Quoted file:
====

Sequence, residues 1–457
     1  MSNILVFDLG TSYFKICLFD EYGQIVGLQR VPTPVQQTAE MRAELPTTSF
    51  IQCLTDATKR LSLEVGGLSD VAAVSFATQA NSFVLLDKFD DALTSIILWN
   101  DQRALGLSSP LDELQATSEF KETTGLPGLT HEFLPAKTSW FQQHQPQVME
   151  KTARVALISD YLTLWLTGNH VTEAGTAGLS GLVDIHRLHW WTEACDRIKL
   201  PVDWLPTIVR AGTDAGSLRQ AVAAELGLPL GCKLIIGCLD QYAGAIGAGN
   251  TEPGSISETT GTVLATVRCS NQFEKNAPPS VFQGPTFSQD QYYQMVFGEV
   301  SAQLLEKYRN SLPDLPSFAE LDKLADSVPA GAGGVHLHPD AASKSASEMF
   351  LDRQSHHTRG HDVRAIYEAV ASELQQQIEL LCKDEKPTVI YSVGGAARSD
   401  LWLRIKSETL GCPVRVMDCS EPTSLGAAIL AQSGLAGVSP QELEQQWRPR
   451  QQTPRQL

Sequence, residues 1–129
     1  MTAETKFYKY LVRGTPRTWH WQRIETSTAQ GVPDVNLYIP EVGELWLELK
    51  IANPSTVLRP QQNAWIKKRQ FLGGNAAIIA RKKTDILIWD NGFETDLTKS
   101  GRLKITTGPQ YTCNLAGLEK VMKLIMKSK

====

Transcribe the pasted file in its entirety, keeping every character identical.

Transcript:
Sequence, residues 1–457
     1  MSNILVFDLG TSYFKICLFD EYGQIVGLQR VPTPVQQTAE MRAELPTTSF
    51  IQCLTDATKR LSLEVGGLSD VAAVSFATQA NSFVLLDKFD DALTSIILWN
   101  DQRALGLSSP LDELQATSEF KETTGLPGLT HEFLPAKTSW FQQHQPQVME
   151  KTARVALISD YLTLWLTGNH VTEAGTAGLS GLVDIHRLHW WTEACDRIKL
   201  PVDWLPTIVR AGTDAGSLRQ AVAAELGLPL GCKLIIGCLD QYAGAIGAGN
   251  TEPGSISETT GTVLATVRCS NQFEKNAPPS VFQGPTFSQD QYYQMVFGEV
   301  SAQLLEKYRN SLPDLPSFAE LDKLADSVPA GAGGVHLHPD AASKSASEMF
   351  LDRQSHHTRG HDVRAIYEAV ASELQQQIEL LCKDEKPTVI YSVGGAARSD
   401  LWLRIKSETL GCPVRVMDCS EPTSLGAAIL AQSGLAGVSP QELEQQWRPR
   451  QQTPRQL

Sequence, residues 1–129
     1  MTAETKFYKY LVRGTPRTWH WQRIETSTAQ GVPDVNLYIP EVGELWLELK
    51  IANPSTVLRP QQNAWIKKRQ FLGGNAAIIA RKKTDILIWD NGFETDLTKS
   101  GRLKITTGPQ YTCNLAGLEK VMKLIMKSK